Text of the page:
Studies of human evolution often focus on the fossils and artifacts left by our early ancestors. However, we can also make inferences about human origins by studying our closest living relatives: chimpanzees, the great apes of West and Central Africa. Because humans and chimps are so closely related, patterns in chimpanzee behavior may tell us quite a bit about how the earliest humans lived and evolved.
It is thought that a major leap in the mental, physical, and cultural development of Homo sapiens was associated with increases in hunting, meat-eating, and the use of tools. We sometimes see similar human-like behaviors appear among diverse populations of today’s wild chimpanzees. If we study when, where, and how such behavior is more prominent, we can get a better idea of the evolutionary scenarios that led to the rise of our species.
For this project, we have collected nearly 7,000 hours of footage, reflecting various chimpanzee habitats, from camera traps in 15 countries across Africa. (We are also collecting a wide variety of organic samples from these sites, such as feces, hair, and plant matter, and information on the ecology and environment of each habitat.) By scanning the videos from these traps and identifying the types of species and activity that you see, you’ll help us to understand the lives of these apes—their behaviors, relationships, and environments—and to extrapolate new ideas about human origins.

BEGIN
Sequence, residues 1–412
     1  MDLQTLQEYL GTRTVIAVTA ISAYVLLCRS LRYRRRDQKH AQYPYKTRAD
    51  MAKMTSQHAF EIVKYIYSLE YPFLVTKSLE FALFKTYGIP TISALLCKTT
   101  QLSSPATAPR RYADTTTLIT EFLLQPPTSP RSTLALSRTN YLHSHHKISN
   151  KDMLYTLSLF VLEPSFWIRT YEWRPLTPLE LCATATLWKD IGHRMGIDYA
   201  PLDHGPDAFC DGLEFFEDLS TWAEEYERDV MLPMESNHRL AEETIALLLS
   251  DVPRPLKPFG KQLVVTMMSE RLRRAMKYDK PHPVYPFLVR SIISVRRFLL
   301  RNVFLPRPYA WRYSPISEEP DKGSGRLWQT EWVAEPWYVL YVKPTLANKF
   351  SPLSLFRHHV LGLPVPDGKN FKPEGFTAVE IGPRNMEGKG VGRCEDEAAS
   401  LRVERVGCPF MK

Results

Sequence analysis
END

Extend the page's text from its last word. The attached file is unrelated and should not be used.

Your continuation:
In addition to helping us better understand cultural evolution, this project will also document wildlife populations and biodiversity in these areas. Already we have both documented new chimpanzee behaviors and made some startling finds of animals in locations where they were no longer thought to live! We hope that drawing attention to a great many of these sites will incite conservation organizations to take an interest in these areas and move to protect them.